The Kite Runner by Khaled Hosseini

Aamer Hussein is entranced by a first novel of shame, honour, revenge and American exile
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Kabul in the mid-1970s: Amir is growing up as part of an odd ménage with his liberal father, a family retainer called Ali, and the latter's son, Hassan. Amir's playmate at home, Hassan must, in public, be treated with a degree of disdain. Not only a servant, he is from the despised Hazara minority, while Amir belongs to the Persian-speaking Pashtun élite. There are no women present. Amir's mother is dead; Hassan's has abandoned him.

A tale of shame, honour and revenge unfolds. Hassan is persecuted and physically abused by one of Amir's rivals, a half-German Pashtun. Amir, unable to deal with the burden of his guilt as witness to his friend's disgrace, betrays Hassan and becomes the cause of his exile from the only home he has ever known. Afghanistan is now in turmoil. When the Russians take over, Amir and his father, too, are compelled to leave. Via Pakistan, they arrive in California.

The first section of this novel combines the tones of memory and nostalgia with a desire to recreate a lost world. A child's fresh perspective is interleaved with frequent and detailed social commentary, revealing an unknown culture poised between often ruthless tribal laws and a tentative modernity. Khaled Hosseini's apparent wish to memorialise occasionally leads him into didacticism; to his credit, the documentary elements don't overwhelm the personal, nor does he exoticise the lost country of the past. In theme, if not in execution, The Kite Runner is reminiscent not so much of The God of Small Things - which Hosseini has cited as an influence - as of those classic European novellas of innocence bruised by experience.

Moving to America for the second part of the novel, Hosseini finds his authentic voice. Amir and his father's experiences are recounted with economy and compassion. Instead of dissertations on exile and dispossession, we have vivid vignettes of an entire culture striving to re-route and transplant itself with varying shades of success. The eccentricities of an erstwhile élite, now teetering on the outer edges of bourgeois respectability, are evoked with affection and humour. Although the book's shortest section, this is in many ways the most compelling.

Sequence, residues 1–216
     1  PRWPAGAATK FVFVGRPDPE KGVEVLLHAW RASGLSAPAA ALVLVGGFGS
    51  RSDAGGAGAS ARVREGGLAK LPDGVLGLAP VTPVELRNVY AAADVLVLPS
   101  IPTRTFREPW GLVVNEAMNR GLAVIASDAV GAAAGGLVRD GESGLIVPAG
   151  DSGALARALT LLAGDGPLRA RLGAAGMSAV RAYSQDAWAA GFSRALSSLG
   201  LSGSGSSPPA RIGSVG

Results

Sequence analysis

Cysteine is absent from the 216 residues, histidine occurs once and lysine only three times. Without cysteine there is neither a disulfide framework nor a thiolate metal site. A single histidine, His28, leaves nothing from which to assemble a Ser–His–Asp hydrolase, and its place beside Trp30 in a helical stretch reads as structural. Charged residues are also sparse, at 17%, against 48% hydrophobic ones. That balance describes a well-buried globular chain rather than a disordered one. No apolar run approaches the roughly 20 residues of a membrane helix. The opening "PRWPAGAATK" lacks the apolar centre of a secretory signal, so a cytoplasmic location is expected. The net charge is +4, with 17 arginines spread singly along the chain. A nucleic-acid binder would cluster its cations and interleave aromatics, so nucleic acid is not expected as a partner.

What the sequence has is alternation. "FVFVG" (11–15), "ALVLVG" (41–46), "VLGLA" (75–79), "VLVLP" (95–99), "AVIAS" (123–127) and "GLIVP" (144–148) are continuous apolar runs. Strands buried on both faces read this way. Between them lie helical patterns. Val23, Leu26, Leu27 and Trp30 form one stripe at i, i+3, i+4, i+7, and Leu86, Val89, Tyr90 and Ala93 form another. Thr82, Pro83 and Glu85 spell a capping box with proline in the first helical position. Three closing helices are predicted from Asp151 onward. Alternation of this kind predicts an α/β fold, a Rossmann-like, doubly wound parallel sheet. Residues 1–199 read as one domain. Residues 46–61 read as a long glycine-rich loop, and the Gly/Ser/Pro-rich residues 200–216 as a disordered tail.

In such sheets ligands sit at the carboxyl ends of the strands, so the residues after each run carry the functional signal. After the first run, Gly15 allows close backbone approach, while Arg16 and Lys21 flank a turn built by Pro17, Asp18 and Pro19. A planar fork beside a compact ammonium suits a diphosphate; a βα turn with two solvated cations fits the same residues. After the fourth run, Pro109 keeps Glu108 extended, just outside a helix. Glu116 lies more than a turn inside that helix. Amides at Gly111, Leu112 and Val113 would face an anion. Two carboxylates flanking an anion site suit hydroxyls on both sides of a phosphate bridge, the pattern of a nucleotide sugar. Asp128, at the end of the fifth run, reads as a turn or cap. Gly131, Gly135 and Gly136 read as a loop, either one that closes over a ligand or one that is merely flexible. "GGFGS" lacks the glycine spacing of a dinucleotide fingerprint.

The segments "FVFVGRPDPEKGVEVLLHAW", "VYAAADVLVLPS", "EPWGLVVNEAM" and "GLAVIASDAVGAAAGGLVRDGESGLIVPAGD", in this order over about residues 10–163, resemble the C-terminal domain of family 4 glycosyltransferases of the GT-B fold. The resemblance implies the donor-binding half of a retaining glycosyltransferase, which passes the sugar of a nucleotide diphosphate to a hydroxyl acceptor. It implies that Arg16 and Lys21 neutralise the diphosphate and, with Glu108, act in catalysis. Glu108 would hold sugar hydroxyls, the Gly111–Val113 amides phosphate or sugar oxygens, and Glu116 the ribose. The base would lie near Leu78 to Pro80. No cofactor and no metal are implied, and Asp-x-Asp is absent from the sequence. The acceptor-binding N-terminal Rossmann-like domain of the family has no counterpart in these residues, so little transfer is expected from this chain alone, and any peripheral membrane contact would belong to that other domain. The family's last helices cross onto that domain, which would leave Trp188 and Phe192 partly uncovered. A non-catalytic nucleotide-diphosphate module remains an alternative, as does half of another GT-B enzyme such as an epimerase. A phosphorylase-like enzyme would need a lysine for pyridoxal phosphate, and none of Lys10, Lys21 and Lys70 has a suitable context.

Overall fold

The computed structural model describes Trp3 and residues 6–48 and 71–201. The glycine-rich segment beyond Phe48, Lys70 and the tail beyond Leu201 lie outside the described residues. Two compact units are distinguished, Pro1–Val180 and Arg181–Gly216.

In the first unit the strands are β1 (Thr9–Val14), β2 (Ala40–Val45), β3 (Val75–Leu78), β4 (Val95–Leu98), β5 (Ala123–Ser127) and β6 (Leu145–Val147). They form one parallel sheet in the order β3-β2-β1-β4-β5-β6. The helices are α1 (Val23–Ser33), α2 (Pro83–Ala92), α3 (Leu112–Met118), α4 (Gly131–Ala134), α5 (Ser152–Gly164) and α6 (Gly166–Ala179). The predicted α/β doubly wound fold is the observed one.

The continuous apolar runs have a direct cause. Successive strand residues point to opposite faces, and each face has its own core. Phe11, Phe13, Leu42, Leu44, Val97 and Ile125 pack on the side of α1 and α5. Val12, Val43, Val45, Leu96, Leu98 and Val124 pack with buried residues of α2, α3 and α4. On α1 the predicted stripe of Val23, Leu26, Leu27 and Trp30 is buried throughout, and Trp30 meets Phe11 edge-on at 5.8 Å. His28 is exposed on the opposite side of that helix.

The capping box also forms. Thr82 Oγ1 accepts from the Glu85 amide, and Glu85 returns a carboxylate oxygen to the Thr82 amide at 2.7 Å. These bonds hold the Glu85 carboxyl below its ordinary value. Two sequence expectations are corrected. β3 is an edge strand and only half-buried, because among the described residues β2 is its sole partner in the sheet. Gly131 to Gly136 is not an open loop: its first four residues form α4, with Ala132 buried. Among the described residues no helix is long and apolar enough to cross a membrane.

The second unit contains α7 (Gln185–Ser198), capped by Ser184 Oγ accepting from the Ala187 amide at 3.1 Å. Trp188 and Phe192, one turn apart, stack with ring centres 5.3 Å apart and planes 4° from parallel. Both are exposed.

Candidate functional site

While his father falls into expat oblivion, Amir manages to achieve his childhood ambition of becoming a writer. Amir also falls in love with the gentle Soraya. They marry. But the cries of the past don't cease to resound: Amir is summoned to Afghanistan to look for a lost child ...

The novel changes key again, dramatically, in its third and longest section. We follow Amir as he pieces together the destinies of Hassan and his family. Investigating questions of shame, guilt and honour, he exposes many of his childhood's certainties as lies and deceits. Through the gift of his relationship with the "lost" Hazara child, Sohrab, he links himself to the lives of Hassan and his father - and the history of Afghanistan and its many warring peoples.

To uncover the mysteries of the plot would dilute the power of a book that, in its final stages, has the impact of a political thriller. But there is much more to The Kite Runner: an epilogue of shattered reconciliation and guarded hopes for Afghanistan's future, Amir's return to the practice of a gentle, non-fundamentalist Islam, the aftermath of September 11. The pace is uneven and so, at times, is the prose: but Hosseini's ability to reach the core of experiences of love and loss places him in the company of such fine chroniclers of the new America as Chang-Rae Lee. The Kite Runner is a first novel of unusual generosity, honesty and compassion.

Aamer Hussein's short-story collection, 'Turquoise', is published by Saqi